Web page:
Flip Video


Got my hands on very interesting little gadget this week; the FLIP video camera. Not available in Australia yet (thanks Teresa for organising a USA pick-up) except on e-bay (which I’m never going to use again after their recent paypal fervour) this little gadget is about the size of pack of cigarettes (remember them?), runs on A4 batteries, takes an hour of pretty good quality video, costs about $150US and is ridiculously easy to use. No more brackets I promise!

When I say ‘pretty good’ I wouldn’t want to put it on a wide-screen HD TV but it’s more than acceptable for web use or viewing on your computer. And no cords or cables!; the USB thing just ‘flips’ out and it plugs into your USB port, with software built into the camera.

I can see heaps of opportunities for classroom use of this tool. Group work, oral presentations and no big and bulky video camera sitting in the corner dominating the room. You could shoot short plays or ‘news’ for students and of course students could use it themselves to make video presentations for each other or the class, all of which are editable in programs like Movie Maker of Studio.

There’s plenty of examples of the video that comes out of this camera on the web. There’s a CNET review HERE and below is a 10 minute YouTube review of the FLIP from GeekGirlTV:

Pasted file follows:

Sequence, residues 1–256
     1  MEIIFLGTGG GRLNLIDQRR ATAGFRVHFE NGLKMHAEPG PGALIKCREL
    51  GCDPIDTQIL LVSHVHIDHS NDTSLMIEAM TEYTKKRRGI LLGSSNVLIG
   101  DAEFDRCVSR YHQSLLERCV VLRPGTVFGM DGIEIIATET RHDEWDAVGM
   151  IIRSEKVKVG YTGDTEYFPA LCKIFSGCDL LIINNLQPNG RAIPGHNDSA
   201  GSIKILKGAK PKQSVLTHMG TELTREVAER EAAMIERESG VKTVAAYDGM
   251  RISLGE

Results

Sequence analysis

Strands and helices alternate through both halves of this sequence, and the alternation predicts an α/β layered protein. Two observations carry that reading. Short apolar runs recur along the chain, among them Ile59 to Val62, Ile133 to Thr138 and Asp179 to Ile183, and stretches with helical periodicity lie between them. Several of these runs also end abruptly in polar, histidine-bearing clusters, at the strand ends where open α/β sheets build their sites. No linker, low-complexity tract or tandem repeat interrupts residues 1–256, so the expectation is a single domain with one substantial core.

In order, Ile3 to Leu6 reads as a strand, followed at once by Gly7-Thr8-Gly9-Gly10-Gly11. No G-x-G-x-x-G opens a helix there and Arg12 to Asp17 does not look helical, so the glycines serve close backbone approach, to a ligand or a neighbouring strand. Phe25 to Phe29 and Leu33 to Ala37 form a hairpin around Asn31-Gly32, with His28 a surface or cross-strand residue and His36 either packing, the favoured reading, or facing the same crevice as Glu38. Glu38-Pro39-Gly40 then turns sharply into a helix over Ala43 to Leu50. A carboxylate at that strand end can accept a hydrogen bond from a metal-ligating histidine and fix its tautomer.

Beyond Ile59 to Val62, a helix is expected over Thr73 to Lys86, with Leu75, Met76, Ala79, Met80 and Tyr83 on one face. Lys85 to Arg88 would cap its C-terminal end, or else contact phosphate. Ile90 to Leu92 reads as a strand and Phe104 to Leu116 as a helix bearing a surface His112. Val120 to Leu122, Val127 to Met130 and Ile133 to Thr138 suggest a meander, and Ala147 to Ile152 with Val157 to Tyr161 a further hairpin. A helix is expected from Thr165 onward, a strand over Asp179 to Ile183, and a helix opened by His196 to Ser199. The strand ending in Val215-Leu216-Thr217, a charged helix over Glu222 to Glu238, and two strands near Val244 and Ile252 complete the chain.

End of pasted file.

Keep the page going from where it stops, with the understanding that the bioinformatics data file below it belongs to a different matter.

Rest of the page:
Keeping a sense of wonder

I was pointed to an interesting post this week, an interview with award winning primary school teacher, Tim Thompson, on how he uses technology such as podcasts, blogs and video in his classroom. I liked the following observation particularly; a key thing for teachers I think, is to continue to play with these technologies. And that’s my excuse 🙂

Thompson says:

I’ve found that the most beneficial strategy in finding and choosing new classroom technological initiatives is to try them myself. Whenever the opportunity arises I sit in on our school district’s technology seminars and classes. Without fail I always hear of something new to try. After I first give it a try I am much more apt to give it a go with my own students. As educators, we ourselves never want to lose that sense of wonder. When we are open to new ideas and processes our students will be too.

You can read the full inerview on OpenEducation here